Hezbollah leader Hassan Nasrallah insisted Germany's decision to ban the group was a result of US pressure, in a televised speech yesterday.
Germany designated Hezbollah a "Shia terrorist organisation" on Thursday, in a move away from the European Union's (EU) 2013 policy which only considers the organisation's military wing, and not its political arm, as terrorist.
The designation came in tandem with raids on mosques and associations linked to the group by German security forces.
Nasrallah called the ban a "political decision that reflects Germany's submission to America's will and to pleasing Israel", and said the militia group is not active in the European country.
"When we say we are not active in Germany, we are being 100 per cent honest."
Nasrallah went on to condemn raids by German security forces, saying, "there was no need for these barbaric actions".
Meanwhile, spokesman for the Iranian foreign ministry, Abbas Mousavi, claimed Germany's decision to designate Hezbollah a terrorist organisation, stems from guilt over the Holocaust.
"We feel that the Germans consider themselves to be historical debtors to the Zionists and act within this framework," Mousavi was quoted as saying by ISNA news agency.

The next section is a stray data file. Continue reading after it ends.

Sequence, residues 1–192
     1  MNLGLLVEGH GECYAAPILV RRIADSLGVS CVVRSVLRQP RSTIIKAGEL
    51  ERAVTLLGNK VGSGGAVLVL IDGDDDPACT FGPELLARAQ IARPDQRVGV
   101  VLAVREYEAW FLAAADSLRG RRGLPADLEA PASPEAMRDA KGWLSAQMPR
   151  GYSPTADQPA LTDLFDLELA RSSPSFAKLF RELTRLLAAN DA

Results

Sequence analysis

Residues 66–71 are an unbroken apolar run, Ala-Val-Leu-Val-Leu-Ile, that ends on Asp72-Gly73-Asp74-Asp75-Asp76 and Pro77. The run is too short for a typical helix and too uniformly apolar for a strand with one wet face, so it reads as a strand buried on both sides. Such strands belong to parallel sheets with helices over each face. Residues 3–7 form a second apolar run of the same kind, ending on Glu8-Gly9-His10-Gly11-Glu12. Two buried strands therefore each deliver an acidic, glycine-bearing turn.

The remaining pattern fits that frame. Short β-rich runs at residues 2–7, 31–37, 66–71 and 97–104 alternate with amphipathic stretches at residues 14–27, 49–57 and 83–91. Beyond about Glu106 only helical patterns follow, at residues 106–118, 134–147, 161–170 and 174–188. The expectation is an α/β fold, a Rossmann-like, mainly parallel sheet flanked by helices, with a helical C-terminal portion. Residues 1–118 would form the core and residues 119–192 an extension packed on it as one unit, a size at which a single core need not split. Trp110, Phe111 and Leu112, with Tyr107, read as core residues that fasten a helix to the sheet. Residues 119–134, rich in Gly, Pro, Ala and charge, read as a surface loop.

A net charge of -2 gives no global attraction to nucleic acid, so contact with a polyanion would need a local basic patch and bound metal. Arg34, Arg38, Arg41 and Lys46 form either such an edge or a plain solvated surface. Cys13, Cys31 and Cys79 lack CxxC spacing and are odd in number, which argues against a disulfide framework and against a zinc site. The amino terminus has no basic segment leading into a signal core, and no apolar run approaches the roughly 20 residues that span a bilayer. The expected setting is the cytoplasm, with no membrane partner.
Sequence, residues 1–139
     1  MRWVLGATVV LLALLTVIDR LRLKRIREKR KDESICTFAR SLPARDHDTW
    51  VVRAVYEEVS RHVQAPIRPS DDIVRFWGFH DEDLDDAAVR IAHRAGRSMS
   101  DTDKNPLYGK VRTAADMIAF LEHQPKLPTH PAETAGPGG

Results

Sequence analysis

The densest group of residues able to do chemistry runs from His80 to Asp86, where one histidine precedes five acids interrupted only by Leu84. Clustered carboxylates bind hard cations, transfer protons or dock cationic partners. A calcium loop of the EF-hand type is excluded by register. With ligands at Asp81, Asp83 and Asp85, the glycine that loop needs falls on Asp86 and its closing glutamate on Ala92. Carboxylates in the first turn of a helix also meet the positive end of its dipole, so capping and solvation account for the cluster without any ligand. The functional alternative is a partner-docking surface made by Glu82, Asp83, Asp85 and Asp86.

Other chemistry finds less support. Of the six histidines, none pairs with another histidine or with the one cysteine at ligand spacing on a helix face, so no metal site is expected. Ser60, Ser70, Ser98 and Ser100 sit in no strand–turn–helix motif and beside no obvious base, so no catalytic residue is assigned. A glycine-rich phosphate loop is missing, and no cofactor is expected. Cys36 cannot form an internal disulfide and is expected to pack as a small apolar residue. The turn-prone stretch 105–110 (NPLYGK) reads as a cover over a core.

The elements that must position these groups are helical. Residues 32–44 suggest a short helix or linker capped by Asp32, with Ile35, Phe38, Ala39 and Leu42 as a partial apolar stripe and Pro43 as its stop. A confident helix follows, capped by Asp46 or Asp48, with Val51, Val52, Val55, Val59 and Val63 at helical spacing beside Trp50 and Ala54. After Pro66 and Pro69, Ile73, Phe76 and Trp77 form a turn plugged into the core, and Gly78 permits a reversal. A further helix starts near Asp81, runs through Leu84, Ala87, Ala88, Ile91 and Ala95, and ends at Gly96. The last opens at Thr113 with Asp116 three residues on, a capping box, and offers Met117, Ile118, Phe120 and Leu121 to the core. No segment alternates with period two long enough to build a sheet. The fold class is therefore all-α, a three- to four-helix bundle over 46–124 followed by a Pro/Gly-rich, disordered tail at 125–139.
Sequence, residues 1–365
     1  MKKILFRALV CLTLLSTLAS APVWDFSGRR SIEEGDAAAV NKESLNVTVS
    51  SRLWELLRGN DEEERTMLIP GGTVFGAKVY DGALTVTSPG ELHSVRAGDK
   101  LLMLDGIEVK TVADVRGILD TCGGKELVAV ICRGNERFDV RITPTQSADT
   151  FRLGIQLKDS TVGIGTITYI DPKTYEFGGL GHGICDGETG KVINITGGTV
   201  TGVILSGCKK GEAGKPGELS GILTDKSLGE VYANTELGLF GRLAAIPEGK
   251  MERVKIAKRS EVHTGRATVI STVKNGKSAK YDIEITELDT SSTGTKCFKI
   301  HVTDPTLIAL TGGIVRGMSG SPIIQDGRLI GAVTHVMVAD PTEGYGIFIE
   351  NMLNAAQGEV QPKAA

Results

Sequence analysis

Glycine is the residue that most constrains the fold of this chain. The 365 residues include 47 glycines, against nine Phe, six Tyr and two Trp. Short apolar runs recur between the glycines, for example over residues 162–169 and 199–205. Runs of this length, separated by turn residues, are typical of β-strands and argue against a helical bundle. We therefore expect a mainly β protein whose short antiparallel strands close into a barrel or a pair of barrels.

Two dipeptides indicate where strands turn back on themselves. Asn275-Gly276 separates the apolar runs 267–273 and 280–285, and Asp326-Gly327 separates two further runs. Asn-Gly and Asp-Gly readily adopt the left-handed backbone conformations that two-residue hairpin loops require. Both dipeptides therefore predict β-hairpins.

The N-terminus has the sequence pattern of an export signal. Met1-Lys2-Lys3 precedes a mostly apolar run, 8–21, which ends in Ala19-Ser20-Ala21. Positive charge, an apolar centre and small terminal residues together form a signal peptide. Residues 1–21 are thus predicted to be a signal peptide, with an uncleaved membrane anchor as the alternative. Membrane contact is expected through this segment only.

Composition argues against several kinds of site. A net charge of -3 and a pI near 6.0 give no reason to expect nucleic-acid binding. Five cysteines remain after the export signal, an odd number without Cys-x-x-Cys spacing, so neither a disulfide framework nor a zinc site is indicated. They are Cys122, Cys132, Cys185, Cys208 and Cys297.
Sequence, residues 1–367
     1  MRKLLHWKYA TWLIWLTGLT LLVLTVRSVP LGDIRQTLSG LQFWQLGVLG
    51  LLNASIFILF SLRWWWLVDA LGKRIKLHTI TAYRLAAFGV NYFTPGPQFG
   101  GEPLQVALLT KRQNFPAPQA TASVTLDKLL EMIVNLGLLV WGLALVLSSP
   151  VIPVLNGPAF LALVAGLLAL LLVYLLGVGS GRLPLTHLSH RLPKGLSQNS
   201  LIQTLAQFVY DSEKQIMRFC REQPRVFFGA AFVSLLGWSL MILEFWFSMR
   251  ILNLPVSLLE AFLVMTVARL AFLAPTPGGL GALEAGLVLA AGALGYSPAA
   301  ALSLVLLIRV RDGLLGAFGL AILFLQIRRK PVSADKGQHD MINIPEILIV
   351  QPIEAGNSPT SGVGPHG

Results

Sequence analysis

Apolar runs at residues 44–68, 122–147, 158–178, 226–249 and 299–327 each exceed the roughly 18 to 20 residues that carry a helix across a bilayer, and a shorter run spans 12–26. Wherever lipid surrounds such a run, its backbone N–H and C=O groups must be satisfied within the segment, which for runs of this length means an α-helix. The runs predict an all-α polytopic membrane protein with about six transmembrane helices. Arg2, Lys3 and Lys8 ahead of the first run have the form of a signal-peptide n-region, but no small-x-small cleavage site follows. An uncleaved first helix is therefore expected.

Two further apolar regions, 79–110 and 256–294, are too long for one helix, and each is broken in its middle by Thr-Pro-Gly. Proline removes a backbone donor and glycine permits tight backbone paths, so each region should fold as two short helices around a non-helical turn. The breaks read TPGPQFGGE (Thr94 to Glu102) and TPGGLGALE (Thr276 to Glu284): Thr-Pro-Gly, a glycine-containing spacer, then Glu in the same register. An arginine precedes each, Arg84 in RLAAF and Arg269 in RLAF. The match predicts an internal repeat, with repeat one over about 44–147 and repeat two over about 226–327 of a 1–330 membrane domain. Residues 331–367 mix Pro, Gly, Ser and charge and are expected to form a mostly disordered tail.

An Iranian state-run newspaper has added to the furore, calling for "firm action" against the German Ambassador to Tehran, Michael Klor-Berchtol, in an article published yesterday, Al-Arabiya reported.
The piece, which ran in the state-run Vatan-e Emrooz daily, termed Klor-Berchtol as "the Zionists' spy", with "close ties" to Israel's Mossad, and a "clear and thought-provoking background in espionage activities".
Adding, "taking firm action against Germany's ambassador can display Iran's lack of tolerance to foreign threats that threaten the country's national security and interests."
The daily published a similar article on Saturday, terming German Chancellor Angela Merkel a "servant of Zionism", while yesterday's piece branded the longstanding European leader, "worse than Hitler".
"Even Hitler – with his collection of crimes during World War II – did not auction off the German's independence and reputation as much as Merkel," Saturday's article read.
Despite the tirade of condemnation, Hezbollah's Nasrallah said he is expecting more EU countries to follow Germany's lead, even though he claims the organisation has ceased activities "across the world, and in Europe especially" several years ago.
Both the Netherlands and the UK have designated Hezbollah as a terrorist organisation. The British government made the move in February 2019, and this year, added the organisation to a list of groups subject to asset freezes.